I came across the Bigg Lugg belt hook pictured above (there is also the McGuire-Nicholas 93333 Monster Hook Cordless Drill Holder Holster Belt Clip), which after some experimenting has proved to be the ideal solution. I first tried using the hook on my trouser waist belt on the opposite side to my detector, the problem with that was that the spade acted like a pendulum and kept swinging too close to the detector head and causing a signal. I then remembered, Phil, a detectorist who sadly had lost one arm in a motorcycle accident. Phil used a belt hook to carry his spade behind him, although I didn’t realise at the time why he carried his spade in that position. Once I moved the hook round to the rear, searching became nice and silent once more (until I hit a target, that is). An added bonus was that if I moved too fast the spade tapped gently on the back of my legs to remind me to slow down.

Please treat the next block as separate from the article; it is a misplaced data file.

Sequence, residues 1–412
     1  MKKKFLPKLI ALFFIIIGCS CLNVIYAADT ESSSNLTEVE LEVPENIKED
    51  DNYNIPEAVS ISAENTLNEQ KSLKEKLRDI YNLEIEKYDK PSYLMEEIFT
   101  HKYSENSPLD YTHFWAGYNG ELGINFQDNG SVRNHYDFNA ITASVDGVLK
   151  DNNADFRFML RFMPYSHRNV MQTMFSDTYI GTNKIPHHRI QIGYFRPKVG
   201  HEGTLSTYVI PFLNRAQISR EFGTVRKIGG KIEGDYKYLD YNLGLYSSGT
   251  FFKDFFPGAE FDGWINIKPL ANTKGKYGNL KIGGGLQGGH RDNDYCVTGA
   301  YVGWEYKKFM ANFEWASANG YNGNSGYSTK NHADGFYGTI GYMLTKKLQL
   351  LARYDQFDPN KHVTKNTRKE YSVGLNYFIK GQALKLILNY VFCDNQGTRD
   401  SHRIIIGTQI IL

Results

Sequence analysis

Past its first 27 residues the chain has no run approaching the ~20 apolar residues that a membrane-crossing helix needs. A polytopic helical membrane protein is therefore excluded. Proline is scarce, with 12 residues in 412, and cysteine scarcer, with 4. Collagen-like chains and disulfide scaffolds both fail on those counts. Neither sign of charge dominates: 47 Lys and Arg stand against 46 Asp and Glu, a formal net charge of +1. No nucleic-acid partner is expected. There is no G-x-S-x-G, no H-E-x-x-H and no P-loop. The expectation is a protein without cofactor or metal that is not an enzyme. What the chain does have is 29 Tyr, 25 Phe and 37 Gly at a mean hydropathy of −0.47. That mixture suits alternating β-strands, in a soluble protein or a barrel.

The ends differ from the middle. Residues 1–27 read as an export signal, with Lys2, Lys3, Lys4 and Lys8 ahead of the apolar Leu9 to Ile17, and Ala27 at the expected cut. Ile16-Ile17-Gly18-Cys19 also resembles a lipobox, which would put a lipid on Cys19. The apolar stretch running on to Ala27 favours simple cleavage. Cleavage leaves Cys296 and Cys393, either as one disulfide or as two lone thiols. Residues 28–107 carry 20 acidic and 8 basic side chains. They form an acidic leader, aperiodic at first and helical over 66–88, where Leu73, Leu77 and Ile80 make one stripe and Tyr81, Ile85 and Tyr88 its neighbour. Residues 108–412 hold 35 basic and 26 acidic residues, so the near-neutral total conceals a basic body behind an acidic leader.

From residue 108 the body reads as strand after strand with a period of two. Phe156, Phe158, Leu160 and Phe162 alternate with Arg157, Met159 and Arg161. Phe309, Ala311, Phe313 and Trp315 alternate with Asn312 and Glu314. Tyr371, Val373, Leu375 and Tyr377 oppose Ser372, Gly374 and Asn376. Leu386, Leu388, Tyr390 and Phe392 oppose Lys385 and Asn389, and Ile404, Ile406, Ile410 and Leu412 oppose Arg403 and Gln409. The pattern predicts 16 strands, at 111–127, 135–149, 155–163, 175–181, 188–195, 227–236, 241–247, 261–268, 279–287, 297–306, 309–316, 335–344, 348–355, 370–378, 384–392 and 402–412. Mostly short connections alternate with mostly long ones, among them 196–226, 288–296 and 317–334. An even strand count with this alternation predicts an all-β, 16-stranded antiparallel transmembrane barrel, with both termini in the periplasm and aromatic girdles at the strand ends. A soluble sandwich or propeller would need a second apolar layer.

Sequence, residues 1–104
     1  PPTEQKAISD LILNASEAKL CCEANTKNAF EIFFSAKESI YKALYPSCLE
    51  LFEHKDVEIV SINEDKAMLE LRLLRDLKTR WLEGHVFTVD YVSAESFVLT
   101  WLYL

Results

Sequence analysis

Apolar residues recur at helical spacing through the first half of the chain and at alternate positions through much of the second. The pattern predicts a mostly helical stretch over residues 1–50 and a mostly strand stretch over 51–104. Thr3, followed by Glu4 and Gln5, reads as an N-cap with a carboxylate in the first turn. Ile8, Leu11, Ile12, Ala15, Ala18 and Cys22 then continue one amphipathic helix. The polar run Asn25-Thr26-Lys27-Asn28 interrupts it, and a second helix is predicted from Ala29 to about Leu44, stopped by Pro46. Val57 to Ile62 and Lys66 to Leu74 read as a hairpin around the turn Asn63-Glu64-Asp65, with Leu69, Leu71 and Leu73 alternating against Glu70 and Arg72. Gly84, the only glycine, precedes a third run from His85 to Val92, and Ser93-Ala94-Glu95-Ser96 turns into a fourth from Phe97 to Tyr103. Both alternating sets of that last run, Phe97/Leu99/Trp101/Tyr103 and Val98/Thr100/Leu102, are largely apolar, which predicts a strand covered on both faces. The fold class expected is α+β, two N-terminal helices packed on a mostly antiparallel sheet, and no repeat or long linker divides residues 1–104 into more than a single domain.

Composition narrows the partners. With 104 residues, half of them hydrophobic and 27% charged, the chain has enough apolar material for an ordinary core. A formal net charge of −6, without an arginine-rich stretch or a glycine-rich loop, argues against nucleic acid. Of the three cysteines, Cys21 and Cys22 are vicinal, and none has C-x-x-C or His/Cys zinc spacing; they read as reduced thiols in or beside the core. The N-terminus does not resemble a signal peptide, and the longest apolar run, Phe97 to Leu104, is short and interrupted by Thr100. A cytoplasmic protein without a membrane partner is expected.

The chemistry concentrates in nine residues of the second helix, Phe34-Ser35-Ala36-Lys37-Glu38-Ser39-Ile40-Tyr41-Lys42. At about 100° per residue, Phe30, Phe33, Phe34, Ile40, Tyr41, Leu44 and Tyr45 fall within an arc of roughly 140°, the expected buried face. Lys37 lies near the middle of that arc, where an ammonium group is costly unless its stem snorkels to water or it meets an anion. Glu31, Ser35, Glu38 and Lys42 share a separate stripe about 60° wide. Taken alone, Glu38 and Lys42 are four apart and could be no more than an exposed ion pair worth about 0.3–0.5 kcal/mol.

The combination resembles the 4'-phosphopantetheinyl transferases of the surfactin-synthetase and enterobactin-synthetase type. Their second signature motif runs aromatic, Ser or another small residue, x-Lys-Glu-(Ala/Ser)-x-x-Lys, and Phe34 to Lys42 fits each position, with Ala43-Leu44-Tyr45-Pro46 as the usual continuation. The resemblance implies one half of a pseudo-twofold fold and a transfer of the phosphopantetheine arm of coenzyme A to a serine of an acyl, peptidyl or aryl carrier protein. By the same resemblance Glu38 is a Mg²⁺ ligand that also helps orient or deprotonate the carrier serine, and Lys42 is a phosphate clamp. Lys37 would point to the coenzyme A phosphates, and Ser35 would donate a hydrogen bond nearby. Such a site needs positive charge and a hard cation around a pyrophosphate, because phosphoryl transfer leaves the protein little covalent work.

Another slight problem remained, which was the weight of the spade on my waist belt made my trousers slip downward and to keep pulling them up was a bit of nuisance. I resolved that one by using a separate dedicated belt for hook and spade. So I can now dowse and detect simultaneously on any terrain without any distractions.